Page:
For the Safety of Students: Five Questions for Mary Koss

Mary P. Koss, Ph.D.

With close to 300 peer-reviewed publications and a number of academic awards to her name, it’s hard to believe that University of Arizona Regents’ Professor Mary P. Koss once had to fight her way into the doctoral program in psychology at the University of Minnesota. Her test scores put her head and shoulders above other applicants, but it took a tense meeting with the department head — in which she let a bit of profanity slip out — to finally get accepted into their graduate school. Clinical psychology was a very male-dominated field in the early 1980s, when she was starting her career, and that was all too clear when a colleague shared his idea for a study that would explore male undergraduates’ attitudes toward rape — by having models pose in varying sizes of padded bras and be rated for their desirability and culpability if raped.


The term date rape was first used in the news media 35 years ago this month.


From that conversation, though, came the seed of an idea that would soon set Dr. Koss apart from her peers. At that time, Dr. Koss was at Kent State in Ohio, still years before she joined the University of Arizona. She made a name for herself studying campus sexual assault by developing a survey that revolutionized efforts to gauge respondents’ experiences of sexual aggression and victimization, revealing a higher prevalence than previously thought. Her initial study was publicized 35 years ago this month, in Ms. Magazine’s September 1982 issue, in an article that also marked the first time a national news publication used the term date rape. Both Dr. Koss’ research and the introduction of that term to the national conversation were game-changers in many ways.

At the time the article was published, most rape-prevention programs on college campuses were relatively new and narrowly focused on the danger posed by strangers — the assailants waiting in alleyways, rather than the familiar faces in classrooms or dorms. Dr. Koss’ research, as well as the stories writer Karen Barrett reported from Stanford University and the University of Connecticut for the Ms. article, revealed that many cases of rape, especially those committed by the victims’ peers and acquaintances, were often ignored, denied, or misunderstood as something other than rape. The concept of date rape helped many people recognize rape — their own or others’ — that had been perpetrated by people known to the victims.

Greater awareness and understanding of the problem of campus sexual assault soon followed, but the 35 years since then have seen both progress and setbacks. In fact, as the anniversary of that historic Ms. article approached, news began coming from the Department of Education that Secretary of Education Betsy DeVos vowed to revisit Obama-era policies that addressed campus sexual assault. A series of information-gathering meetings included a group that, according to the Southern Poverty Law Center, seeks “to roll back services for victims of domestic abuse and penalties for their tormentors.” Continue reading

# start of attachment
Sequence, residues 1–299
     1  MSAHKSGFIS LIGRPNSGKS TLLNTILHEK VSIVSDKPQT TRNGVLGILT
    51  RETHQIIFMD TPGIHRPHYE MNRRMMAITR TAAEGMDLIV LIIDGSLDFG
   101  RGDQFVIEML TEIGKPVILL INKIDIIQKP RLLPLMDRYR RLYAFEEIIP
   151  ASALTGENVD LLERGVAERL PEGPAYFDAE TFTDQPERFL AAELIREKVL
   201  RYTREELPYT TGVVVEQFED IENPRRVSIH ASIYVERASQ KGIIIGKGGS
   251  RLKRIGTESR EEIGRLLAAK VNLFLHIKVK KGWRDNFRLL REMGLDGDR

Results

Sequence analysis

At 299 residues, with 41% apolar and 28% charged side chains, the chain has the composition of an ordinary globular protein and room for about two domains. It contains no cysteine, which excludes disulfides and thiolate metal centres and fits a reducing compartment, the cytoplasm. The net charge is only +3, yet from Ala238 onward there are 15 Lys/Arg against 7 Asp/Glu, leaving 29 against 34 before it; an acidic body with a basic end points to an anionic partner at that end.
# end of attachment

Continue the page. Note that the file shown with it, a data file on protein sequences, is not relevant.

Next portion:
No Sporting Chance: LGBTQ Inequality Under Gov. Ducey

For many Arizonans, Gov. Doug Ducey’s State of the State address on January 11 suggested that with the new year, we would be seeing a new, more compassionate course of action from the state’s executive branch. His address before a joint legislative session had the boilerplate promises of a conservative stump speech, including deregulation and lower taxes, but he also promised funding for a backlog of untested rape kits and improved access to Temporary Assistance for Needy Families. It was hardly a 180-degree turn, but it was a gesture of even-handedness.


If Arizona’s governor won’t fight for LGBTQ rights, it’s time for citizens to put pressure on their legislators.


Hopes, though, were quickly dashed. Two weeks later, Gov. Ducey gave dismissive responses to the media about Arizona’s legal protections for members of the LGBTQ community. Questions were prompted by Ducey’s comments at a kickoff event for college basketball’s NCAA Men’s Final Four tournament, which Glendale will host in April. Last year, the NCAA withdrew events from North Carolina in response the state’s notorious “bathroom bill,” which required transgender people at government facilities to use bathrooms that correspond to their sex ascribed at birth, not the sex with which they identify. The law, House Bill 2, also blocked cities and other jurisdictions from passing anti-discrimination laws that exceed the protections offered by the state.

While Arizona has never passed a law modeled quite like North Carolina’s House Bill 2, the state has had its own controversial bills that were hostile to LGBTQ rights. In 2013, the Arizona Legislature considered a bathroom bill of its own — one that ultimately didn’t pass — which would have granted businesses the power to deny bathroom access to people based on their gender identity or expression. In 2014, Gov. Jan Brewer responded to pressure and vetoed a bill that would have allowed businesses to discriminate against LGBTQ customers, as long as they claimed their actions were motivated by religious beliefs. The Human Rights Campaign gives Arizona a mixed review on its scorecard, noting support for same-sex marriage licenses and gender changes on government-issued identification, but not for transgender health care and other important policy matters. In fact, a bill currently under consideration, House Bill 2294, would remove coverage for gender-affirming medical procedures from AHCCCS, Arizona’s Medicaid program. Continue reading